Apr. 3 Supplemental Readings for Pride and Prejudice Richard Whatley, pp. 289-291;
Alistair Duckworth, pp. 206-314; Claudia L. Johnson, p. 348-356
Post #11 (Group A)
Historical Annotation: Rena Gardena and Guido Maniscalco's
- To discuss the historical reception of the novel (Whatley)
- To analyze how the marriage of Darcy and Elizabeth offers a reconstitution
of society (Duckworth)
- To analyze whether the conclusion of the novel offers a conservative
endorsement of traditional social hierarchy or a radical evaluation of it (Johnson)
Notes and Discussion Questions:
This excerpt from an important review of all of Austen's novels by Richard Whatley (1821)
continues our exploration of contemporary responses to the novel form. What does Whatley
value about the form and technique of Austen's novels? What does his praise suggest about
a reader's expectations for novels in 1821? How is this different from responses to Tom
Jones or Evelina?
Respond to Whatley's claim that "Miss Austin [sic] has the merit (in our judgment
most essential) of being evidently a Christian writer" (290). In what sense are her novels
moral? Why is it best to convey morals without forcing them upon the reader? To what extent
would you agree with these assessments? What morals, if any, are implied?
Alistair Duckworth's argument begins with the observation that the Bennet family itself is
a fragmented society, and that the social connections of our hero and heroine present themselves
to be a "gulf impassable." What brings about the union that closes the novel and what is its significance?
"This, the crucial question underlying Pride and Prejudice, is answered primarily
through the education of the hero and heroine, whose union is not only to their mutual
advantage, but brings together widely separate outlooks and social positions.... If
Elizabeth's private vision is shown to be insufficient, then so, too, is Darcy's arrogant
assumptions that status is value-laden. Only when Elizabeth recognizes that individualism
must find its social limits, and Darcy concedes that tradition without individual energy is
empty form, can the novel reach its eminently satisfactory conclusion" (308).
In what sense can we say that Elizabeth recognizes that individualism must find its social limits?
In what sense can we say that Darcy concedes that tradition without individual energy is empty form?
What role does Austen's depiction of the model estate of Pemberley play in this reconciliation?
In many ways Johnson's argument, like Duckworth's, assesses the meaning of Darcy as the object
of Elizabeth's love and as her legal lord and master.
Explore the implications of Johnson's claim: "For it is Darcy himself who secures the
happiness the novel celebrates. As an authority figure, "a brother, a landlord, a master"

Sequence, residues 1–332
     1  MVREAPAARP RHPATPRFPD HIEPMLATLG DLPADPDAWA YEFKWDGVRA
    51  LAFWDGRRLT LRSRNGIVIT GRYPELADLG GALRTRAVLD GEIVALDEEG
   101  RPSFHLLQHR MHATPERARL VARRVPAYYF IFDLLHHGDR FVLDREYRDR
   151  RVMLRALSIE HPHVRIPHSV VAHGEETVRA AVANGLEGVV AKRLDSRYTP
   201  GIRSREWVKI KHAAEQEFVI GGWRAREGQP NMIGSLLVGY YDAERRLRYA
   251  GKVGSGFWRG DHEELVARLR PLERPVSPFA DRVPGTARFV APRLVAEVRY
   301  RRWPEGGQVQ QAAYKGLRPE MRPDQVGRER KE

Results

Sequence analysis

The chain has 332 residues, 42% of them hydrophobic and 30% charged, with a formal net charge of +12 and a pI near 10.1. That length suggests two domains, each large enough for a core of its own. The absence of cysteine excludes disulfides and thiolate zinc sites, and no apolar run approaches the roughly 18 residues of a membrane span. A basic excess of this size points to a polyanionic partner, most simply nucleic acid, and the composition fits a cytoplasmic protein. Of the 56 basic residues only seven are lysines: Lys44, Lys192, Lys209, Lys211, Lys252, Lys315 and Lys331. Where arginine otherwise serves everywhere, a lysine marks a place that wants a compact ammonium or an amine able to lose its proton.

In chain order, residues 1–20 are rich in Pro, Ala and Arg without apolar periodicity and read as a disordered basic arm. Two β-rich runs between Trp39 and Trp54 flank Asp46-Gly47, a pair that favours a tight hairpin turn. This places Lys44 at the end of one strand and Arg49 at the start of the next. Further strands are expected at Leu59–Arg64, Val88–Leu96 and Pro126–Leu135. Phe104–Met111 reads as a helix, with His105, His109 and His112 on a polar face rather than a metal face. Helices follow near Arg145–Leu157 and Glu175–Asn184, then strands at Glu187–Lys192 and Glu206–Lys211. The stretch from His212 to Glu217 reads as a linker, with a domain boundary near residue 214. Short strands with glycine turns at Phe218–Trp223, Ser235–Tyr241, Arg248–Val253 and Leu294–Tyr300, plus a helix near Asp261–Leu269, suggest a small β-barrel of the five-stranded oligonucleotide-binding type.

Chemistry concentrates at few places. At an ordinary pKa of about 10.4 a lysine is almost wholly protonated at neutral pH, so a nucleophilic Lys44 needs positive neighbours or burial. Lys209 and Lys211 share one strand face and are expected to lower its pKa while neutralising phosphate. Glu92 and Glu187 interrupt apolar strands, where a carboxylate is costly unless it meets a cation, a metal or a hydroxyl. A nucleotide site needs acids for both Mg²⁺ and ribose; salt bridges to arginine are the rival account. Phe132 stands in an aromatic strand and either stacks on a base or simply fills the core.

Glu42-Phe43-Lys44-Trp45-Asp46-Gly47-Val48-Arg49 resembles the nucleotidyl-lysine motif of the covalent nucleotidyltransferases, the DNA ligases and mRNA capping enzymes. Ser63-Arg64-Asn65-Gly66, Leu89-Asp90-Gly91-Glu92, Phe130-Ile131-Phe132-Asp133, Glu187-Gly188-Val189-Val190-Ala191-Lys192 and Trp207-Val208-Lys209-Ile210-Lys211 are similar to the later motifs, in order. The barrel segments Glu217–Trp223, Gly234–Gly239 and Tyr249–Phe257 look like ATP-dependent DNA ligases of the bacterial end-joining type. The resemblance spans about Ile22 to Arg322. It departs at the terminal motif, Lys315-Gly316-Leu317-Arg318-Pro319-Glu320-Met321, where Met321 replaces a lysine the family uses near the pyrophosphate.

who holds, as Elizabeth remarks, 'many people's happiness . . . in his guardianship'" (348).
Compare the figure of patriarchal authority here with the presence or absence of male
authorities in Evelina, Tom Jones and Roxana.
"Pride and Prejudice is thus a profoundly conciliatory work, and of all Austen's novels
it most affirms established social arrangements without damaging their prestige or
fundamentally challenging their wisdom or equity. Whereas Sense and Sensibility
excoriates the traditional family and Mansfield Park subjects characters of Darcy's
stature to disabling satire, on the surface at least, Pride and Prejudice corroborates
conservative myths which had argued that established forms cherished rather than
prohibited true liberty, sustained rather than disrupted real happiness, and
safeguarded rather than repressed individual merit" (348). On the other hand, Johnson argues,
Austen's uniquely argumentative leading couple, may actually be working out a step toward
constructive political commentary. If so, what do their arguments tell us?
Johnson offers an alternative reading of Darcy as the aristocrat in need of lessons
in proper manners, consistent with his political authority. He needs to learn to please
others and to be pleased by others in return -- sociability and civility.
"Austen's concern with good manners, then, has decidedly political underpinnings:
to be guilty of hauteur is to deprive people of a pleasing sense of self-esteem that
it is legitimate for them to have" (353).
Assess. How is Elizabeth's power to decide what or who is wise or good demonstrated?
How is it a criticism of social organization?
Johnson claims that "Pride and Prejudice thus alternatively verges on and recoils
from radical criticism" (354). To your mind, does the novel challenge the social system
or ultimately avoid the issue?
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